Hint: keynotes. I was invited to a Dreamworks screening of the film “The Help“. Don’t get me wrong – I did love it and wept to no end, but I could have seen it upon release. While it felt good to sit down for a few hours in complete darkness, I was missing out on a powerful keynote about “Women Creating Media” with Ricki Lake. While I was chugging down margaritas at one party another night and everyone was jumping in pedicabs to hit another party, I somehow didn’t make it back for another evening event which was part of my whole purpose for being at BlogHer. Honestly, I don’t want to talk about it.
Cecily is right. Last year, I wondered what kind of impression I could make before a brand when 3600 other attendees were barking up the same tree. This year, I went to the parties because several people I knew were going and I thought it was a privilege to be invited. And while some of them were marvelous, particularly the Clever Girls Collective party, where I had the cartoon portrait drawn that you are staring at and wondering if I really looks anything like me (I actually do), I now realize that would have been enough for me. I didn’t need to go any other parties. I needed the sessions. Live and learn, as they say.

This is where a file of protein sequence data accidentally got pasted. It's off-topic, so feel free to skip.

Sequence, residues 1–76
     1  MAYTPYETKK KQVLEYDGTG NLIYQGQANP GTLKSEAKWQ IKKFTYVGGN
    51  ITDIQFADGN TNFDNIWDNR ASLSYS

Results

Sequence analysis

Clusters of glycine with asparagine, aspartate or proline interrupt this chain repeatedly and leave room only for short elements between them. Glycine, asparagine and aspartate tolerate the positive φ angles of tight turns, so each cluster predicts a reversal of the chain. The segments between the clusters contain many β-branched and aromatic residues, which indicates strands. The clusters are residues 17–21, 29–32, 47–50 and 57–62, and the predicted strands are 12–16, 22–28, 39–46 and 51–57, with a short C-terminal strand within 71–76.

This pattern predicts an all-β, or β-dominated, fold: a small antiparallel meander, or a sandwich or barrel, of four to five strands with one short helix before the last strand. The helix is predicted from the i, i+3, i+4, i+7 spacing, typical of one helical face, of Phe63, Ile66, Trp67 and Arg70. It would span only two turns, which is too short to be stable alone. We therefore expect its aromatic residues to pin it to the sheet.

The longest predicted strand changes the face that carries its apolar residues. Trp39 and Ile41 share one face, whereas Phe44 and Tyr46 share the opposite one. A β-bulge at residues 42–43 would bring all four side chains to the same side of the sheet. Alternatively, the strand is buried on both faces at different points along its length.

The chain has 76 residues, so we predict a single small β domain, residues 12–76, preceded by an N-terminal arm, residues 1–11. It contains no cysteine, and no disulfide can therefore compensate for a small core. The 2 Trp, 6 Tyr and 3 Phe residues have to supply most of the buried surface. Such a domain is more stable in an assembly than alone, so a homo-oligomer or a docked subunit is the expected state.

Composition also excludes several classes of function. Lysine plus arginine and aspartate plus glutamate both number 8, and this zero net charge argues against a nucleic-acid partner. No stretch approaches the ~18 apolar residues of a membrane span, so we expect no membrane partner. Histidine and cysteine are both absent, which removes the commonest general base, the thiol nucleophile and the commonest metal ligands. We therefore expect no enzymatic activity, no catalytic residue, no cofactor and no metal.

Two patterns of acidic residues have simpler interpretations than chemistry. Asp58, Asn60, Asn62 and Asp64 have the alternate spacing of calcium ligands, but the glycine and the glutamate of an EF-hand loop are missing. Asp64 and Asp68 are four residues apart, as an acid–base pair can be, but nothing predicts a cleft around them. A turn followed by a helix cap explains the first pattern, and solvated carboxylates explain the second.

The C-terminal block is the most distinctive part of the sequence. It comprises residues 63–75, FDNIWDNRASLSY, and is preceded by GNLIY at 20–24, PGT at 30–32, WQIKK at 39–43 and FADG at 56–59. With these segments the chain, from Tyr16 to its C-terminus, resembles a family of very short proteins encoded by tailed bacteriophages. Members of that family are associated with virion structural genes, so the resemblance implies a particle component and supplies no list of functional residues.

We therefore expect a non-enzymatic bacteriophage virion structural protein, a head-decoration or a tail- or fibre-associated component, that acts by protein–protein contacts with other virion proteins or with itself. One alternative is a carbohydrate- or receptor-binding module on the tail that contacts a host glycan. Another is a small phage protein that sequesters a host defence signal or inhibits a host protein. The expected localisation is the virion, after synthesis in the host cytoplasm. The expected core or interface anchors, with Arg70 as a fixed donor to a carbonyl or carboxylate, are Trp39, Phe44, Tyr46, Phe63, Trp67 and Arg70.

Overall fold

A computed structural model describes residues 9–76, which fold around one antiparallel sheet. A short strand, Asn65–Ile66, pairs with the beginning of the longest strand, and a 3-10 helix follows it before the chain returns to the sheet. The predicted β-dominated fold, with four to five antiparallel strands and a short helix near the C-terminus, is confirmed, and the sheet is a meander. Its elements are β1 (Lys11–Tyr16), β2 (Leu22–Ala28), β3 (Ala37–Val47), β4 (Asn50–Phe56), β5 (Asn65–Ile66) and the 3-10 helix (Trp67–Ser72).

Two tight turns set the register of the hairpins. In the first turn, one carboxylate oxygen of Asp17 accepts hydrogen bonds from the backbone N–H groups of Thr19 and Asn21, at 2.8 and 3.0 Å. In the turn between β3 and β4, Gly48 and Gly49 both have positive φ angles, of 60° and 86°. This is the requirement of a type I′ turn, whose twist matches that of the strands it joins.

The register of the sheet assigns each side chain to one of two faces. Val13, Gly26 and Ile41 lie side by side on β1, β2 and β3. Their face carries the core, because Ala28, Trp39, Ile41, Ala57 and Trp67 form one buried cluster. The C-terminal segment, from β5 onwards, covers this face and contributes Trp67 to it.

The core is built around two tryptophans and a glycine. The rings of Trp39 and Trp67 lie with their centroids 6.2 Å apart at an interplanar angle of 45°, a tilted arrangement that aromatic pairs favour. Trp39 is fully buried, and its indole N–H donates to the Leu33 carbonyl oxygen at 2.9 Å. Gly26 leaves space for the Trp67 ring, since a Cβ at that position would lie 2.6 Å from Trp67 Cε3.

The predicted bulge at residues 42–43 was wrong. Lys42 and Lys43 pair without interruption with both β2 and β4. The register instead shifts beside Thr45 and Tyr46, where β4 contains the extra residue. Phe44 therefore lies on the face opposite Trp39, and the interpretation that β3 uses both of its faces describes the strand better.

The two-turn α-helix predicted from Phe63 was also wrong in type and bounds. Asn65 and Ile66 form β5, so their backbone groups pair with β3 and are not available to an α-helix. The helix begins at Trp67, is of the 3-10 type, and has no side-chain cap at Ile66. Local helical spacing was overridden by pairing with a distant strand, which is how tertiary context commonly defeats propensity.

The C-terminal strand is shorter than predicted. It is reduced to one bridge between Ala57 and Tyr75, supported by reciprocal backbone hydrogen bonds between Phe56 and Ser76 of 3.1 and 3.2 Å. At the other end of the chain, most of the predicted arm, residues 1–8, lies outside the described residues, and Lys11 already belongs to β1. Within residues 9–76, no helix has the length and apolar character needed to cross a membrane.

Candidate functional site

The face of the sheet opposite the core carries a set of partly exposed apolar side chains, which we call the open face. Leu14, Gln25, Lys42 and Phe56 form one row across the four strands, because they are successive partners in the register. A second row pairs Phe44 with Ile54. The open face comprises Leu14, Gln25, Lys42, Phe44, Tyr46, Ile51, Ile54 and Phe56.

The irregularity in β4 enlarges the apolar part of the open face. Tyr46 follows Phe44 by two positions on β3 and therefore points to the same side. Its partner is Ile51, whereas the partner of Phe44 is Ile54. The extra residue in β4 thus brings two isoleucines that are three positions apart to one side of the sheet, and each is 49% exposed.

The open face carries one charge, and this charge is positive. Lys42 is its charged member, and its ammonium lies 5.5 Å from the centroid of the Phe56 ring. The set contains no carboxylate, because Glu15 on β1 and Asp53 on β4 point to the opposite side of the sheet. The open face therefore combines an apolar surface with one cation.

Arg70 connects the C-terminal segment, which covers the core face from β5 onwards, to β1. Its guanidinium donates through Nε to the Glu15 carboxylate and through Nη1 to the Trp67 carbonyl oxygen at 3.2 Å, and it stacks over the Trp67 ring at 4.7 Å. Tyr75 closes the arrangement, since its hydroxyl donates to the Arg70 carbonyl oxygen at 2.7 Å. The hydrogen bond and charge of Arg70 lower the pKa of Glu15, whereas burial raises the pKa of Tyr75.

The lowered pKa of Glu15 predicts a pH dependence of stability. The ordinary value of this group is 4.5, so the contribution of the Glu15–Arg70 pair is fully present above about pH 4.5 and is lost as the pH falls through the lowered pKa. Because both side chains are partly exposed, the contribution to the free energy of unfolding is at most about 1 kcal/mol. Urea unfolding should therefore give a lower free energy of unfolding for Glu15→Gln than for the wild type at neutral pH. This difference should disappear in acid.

Thankfully, there were a few private events that were stunning and very educational. The event hosted by my friends from the Blogging Angels was empowering. It was called “Enough About Us. What About you?” and was a good 101 course on growing your brand. The message was that top brands rock it by cultivating an image at every turn, and I took home a lot of useful notes to grow the ones I’m working on. I also spent the day before BlogHer started at another conference called Women Create Media where I heard from the brilliant Brene Brown on courage and one of my long-time heroes, Aliza Sherman. I was a member of her organization Web Girls long ago and she, herself, taught me HTML. I really listened when she said to write with passion, and then money will follow. She told us to write what’s important to us. Content is everything.